Trump impeachment: What happens next?


(Reuters) – Lawyers defending U.S. President Donald Trump in his Senate impeachment trial wrapped up their presentation on Tuesday.

Here is what to look out for next:


* When the Senate returns at 1 p.m. EST (1800 GMT), the 100 senators will get a chance to question the Democratic lawmakers prosecuting the case, as well as Trump’s defense team.

* The Senate has set aside up to 16 hours for questioning over two days. Lawmakers will not ask questions directly themselves but will submit them to U.S. Chief Justice John Roberts, who is presiding over the trial.

* Questions can be directed at the prosecution or the defense, but not at other senators. Roberts will pose the questions.


* Questioning is likely to continue, although it is not clear whether lawmakers will use all of their time.


* At the conclusion of the question period, the impeachment managers and Trump’s lawyers will have four hours, equally divided, to make what could amount to closing arguments.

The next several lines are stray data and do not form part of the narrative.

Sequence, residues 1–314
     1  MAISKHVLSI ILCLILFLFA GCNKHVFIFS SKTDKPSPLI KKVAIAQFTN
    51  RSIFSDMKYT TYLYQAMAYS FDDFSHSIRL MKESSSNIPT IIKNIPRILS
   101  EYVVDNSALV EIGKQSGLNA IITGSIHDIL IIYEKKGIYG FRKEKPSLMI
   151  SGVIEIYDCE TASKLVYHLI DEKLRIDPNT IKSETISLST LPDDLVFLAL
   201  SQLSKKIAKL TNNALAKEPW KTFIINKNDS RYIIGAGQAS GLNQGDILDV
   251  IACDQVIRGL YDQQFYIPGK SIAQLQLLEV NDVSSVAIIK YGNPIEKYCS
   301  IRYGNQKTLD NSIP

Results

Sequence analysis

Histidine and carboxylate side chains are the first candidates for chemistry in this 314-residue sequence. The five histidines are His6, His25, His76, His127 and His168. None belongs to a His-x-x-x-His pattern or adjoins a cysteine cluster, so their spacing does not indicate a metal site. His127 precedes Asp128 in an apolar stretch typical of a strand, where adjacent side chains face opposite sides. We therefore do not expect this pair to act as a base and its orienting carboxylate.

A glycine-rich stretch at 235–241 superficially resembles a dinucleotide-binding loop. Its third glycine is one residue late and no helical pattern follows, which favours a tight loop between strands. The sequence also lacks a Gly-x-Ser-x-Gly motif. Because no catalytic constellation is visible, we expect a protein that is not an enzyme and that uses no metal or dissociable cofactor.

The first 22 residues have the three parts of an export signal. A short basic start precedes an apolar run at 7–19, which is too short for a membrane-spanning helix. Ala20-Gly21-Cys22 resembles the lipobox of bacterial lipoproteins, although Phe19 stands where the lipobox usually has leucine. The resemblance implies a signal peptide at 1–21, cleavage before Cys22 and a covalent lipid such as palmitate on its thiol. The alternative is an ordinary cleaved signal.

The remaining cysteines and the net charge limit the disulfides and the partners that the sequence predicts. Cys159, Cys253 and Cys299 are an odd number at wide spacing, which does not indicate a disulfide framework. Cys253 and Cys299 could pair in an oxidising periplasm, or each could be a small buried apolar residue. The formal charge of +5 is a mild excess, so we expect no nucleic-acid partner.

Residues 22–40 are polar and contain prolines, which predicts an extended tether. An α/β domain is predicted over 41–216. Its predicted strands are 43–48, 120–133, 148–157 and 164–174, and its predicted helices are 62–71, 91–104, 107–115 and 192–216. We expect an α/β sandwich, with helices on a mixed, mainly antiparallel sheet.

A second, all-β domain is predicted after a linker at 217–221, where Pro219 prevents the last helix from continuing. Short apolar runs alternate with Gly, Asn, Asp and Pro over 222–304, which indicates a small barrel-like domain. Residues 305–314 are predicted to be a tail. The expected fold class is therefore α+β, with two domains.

* The Senate will then debate on Friday whether to subpoena witnesses and documents, followed by a vote. In the event of a tie vote, the motion fails.

* If the Senate votes to hear more evidence, it would then hold subsequent votes on which witnesses senators would like to call and what documents they want to read.

* If the Senate subpoenas witnesses, they would be deposed privately before the Senate decides on public testimony.

* If no witnesses or additional documents are subpoenaed, senators could consider other motions or proceed to vote on each article of impeachment.

* Theoretically, the trial could conclude this week. But if witnesses are called, it could still be going on when Trump delivers the annual State of the Union address to Congress on Feb. 4.

Reporting by David Morgan, Susan Cornwell and Richard Cowan; Editing by Andy Sullivan and Peter Cooney